A Chippendale chair is a very difficult object. A skyscraper is almost easier. That is why Chippendale is famous. – Ludwig Mies van der Rohe, inventor of modern architecture and the glass skyscraper
A glass skyscraper is never called a Mies van der Rohe, perhaps is should.
Thomas Chippendale (1718 –1779) – London cabinet-maker, published in 1754 The Gentleman and Cabinet Maker’s Director codifying the fashion in England for creative blends of Gothic, Asian, and French Rococo designs of Louis XV.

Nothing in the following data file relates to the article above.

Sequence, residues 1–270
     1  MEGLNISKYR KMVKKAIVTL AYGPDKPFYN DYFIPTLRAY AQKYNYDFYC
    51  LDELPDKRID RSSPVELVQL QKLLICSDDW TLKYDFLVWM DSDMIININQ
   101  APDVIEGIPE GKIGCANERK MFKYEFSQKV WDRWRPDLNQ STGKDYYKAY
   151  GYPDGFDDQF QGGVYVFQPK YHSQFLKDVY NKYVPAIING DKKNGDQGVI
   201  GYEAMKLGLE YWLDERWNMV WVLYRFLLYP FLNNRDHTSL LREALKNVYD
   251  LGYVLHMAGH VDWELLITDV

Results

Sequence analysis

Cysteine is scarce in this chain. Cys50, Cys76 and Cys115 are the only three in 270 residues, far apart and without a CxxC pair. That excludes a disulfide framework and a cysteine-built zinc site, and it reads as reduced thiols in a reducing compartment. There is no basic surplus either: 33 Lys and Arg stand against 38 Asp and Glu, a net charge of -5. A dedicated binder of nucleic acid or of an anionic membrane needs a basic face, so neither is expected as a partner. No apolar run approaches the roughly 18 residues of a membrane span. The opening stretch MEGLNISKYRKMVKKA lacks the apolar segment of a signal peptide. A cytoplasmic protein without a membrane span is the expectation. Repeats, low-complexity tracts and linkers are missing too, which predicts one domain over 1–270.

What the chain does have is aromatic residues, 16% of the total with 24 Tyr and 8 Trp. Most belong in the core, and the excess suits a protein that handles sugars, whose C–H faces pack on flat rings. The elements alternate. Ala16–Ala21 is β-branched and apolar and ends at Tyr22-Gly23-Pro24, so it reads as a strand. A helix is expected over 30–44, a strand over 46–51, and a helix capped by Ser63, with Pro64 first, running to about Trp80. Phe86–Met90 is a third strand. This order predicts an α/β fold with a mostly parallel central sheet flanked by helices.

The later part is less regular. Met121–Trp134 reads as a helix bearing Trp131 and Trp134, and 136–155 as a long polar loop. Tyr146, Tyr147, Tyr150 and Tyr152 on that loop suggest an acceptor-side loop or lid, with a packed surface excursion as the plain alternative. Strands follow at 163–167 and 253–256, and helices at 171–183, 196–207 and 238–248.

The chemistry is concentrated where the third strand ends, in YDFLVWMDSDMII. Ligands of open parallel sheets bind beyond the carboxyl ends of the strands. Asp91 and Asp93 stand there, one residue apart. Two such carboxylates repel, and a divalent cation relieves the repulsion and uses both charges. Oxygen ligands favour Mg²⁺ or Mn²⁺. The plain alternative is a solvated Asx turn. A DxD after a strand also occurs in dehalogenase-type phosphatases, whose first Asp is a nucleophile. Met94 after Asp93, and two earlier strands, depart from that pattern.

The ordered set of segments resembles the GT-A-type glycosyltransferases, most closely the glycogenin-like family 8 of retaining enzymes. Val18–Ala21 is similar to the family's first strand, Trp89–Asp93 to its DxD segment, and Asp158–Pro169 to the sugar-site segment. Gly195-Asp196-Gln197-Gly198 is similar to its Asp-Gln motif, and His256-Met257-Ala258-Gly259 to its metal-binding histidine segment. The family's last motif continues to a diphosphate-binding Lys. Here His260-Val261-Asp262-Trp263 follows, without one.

Chairs in the Chippendale style became rectilinear, the stiles straight and outwardly-flaring at the top corners, back splats, which were formerly solid in the Queen Anne style, came to be pierced and intricately carved with foliage and interlacing patterns. Chair legs were either straight or more fanciful with ball and eagle claws. Of all the Chippendale chairs, the ribbon-back chair with a broad seat and cupid’s bow-style back rail is the most well-known.